Krypton fluoride laser

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For background information about krypton and fluorine, the two active elements in a krypton fluoride laser, see Krypton and Fluorine.

A krypton fluoride laser (KrF laser) is a particular type of excimer laser,[1] which is sometimes (more correctly) called an exciplex laser. With its 248 nanometer wavelength, it is a deep ultraviolet laser which is commonly used in the production of semiconductor integrated circuits, industrial micromachining, and scientific research. The term excimer is short for 'excited dimer', while exciplex is short for 'excited complex'. An excimer laser typically uses a mixture of a noble gas (argon, krypton, or xenon) and a halogen gas (fluorine or chlorine), which under suitable conditions of electrical stimulation and high pressure, emits coherent stimulated radiation (laser light) in the ultraviolet range.

KrF (and ArF) excimer lasers are widely used in high-resolution photolithography machines, one of the critical technologies required for microelectronic chip manufacturing. Excimer laser lithography[2][3] has enabled transistor feature sizes to shrink from 800 nanometers in 1990 to below 45 nanometers in 2010.[4]


A krypton fluoride laser absorbs energy from a source, causing the krypton gas to react with the fluorine gas producing krypton fluoride, a temporary complex, in an excited energy state:

2 Kr + F
→ 2 KrF

The complex can undergo spontaneous or stimulated emission, reducing its energy state to a metastable, but highly repulsive ground state. The ground state complex quickly dissociates into unbound atoms:

2 KrF → 2 Kr + F

The result is an exciplex laser that radiates energy at 248 nm, which lies in the near ultraviolet portion of the spectrum, corresponding with the energy difference between the ground state and the excited state of the complex.


The most widespread industrial application of KrF excimer lasers has been in deep-ultraviolet photolithography[2][3] for the manufacturing of microelectronic devices (i.e., semiconductor integrated circuits or “chips”). From the early 1960s through the mid-1980s, Hg-Xe lamps had been used for lithography at 436, 405 and 365 nm wavelengths. However, with the semiconductor industry’s need for both finer resolution (for denser and faster chips) and higher production throughput (for lower costs), the lamp-based lithography tools were no longer able to meet the industry’s requirements. This challenge was overcome when in a pioneering development in 1982, deep-UV excimer laser lithography was demonstrated at IBM by K. Jain.[2][3][5] With phenomenal advances made in equipment technology in the last two decades, today semiconductor electronic devices fabricated using excimer laser lithography total $400 billion in annual production. As a result, it is the semiconductor industry view[4] that excimer laser lithography (with both KrF and ArF lasers) has been a crucial factor in the continued advance of the so-called Moore’s law (that describes the doubling of the number of transistors in the densest chips every two years – a trend that is expected to continue into this decade, with the smallest device feature sizes approaching 10 nanometers). From an even broader scientific and technological perspective, since the invention of the laser in 1960, the development of excimer laser lithography has been highlighted as one of the major milestones in the 50-year history of the laser.[6][7][8]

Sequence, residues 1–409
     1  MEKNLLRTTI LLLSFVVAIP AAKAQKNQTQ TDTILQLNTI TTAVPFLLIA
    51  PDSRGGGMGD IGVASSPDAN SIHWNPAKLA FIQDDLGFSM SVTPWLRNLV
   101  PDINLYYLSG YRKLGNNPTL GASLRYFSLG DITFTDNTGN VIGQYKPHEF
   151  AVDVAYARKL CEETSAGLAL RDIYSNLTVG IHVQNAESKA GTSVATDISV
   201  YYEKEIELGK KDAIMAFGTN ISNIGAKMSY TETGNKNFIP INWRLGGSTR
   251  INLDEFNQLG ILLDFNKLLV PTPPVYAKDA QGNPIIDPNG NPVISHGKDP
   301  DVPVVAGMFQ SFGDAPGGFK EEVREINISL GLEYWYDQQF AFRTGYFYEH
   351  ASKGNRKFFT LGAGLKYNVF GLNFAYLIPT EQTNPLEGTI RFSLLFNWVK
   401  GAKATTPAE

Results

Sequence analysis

The KrF laser has been of great interest in the nuclear fusion energy research community in inertial confinement experiments. This laser has high beam uniformity, short wavelength, and the ability to modify the spot size to track an imploding pellet.

In 1985 the Los Alamos National Laboratory completed a test firing of an experimental KrF laser with an energy level of 1.0 × 104 joules. The Laser Plasma Branch of the Naval Research Laboratory completed a KrF laser called the Nike laser that can produce about 4.5 × 103 joules of UV energy output in a 4 nanosecond pulse. Kent A. Gerber was the driving force behind this project. This later laser is being used in laser confinement experiments.

This laser has also been used to produce soft X-ray emission from a plasma irradiated by brief pulses of this laser light. Other important applications include micromachining of a variety materials such as plastic, glass, crystal, composite materials and organic tissue (see more detailed information under excimer laser). The light from this UV laser is strongly absorbed by lipids, nucleic acids and proteins, making it attractive for applications in medical therapy and surgery.


The light emitted by the KrF is invisible to the human eye, so additional safety precautions are necessary when working with this laser to avoid stray beams. Gloves are needed to protect the flesh from the potentially carcinogenic properties of the UV beam, and UV goggles are needed to protect the eyes.

See also[edit]


  1. ^ Basting, D. and Marowsky,G., Eds., Excimer Laser Technology, Springer, 2005.
  2. ^ a b c Jain, K.; Willson, C.G.; Lin, B.J. (1982). "Ultrafast deep UV Lithography with excimer lasers". IEEE Electron Device Letters 3 (3): 53–55. doi:10.1109/EDL.1982.25476. 
  3. ^ a b c Jain, K. “Excimer Laser Lithography”, SPIE Press, Bellingham, WA, 1990.
  4. ^ a b La Fontaine, B., “Lasers and Moore’s Law”, SPIE Professional, Oct. 2010, p. 20.
  5. ^ Basting, D., et al., “Historical Review of Excimer Laser Development,” in Excimer Laser Technology, D. Basting and G. Marowsky, Eds., Springer, 2005.
  6. ^ American Physical Society / Lasers / History / Timeline
  7. ^ SPIE / Advancing the Laser / 50 Years and into the Future
  8. ^ U.K. Engineering & Physical Sciences Research Council / Lasers in Our Lives / 50 Years of Impact

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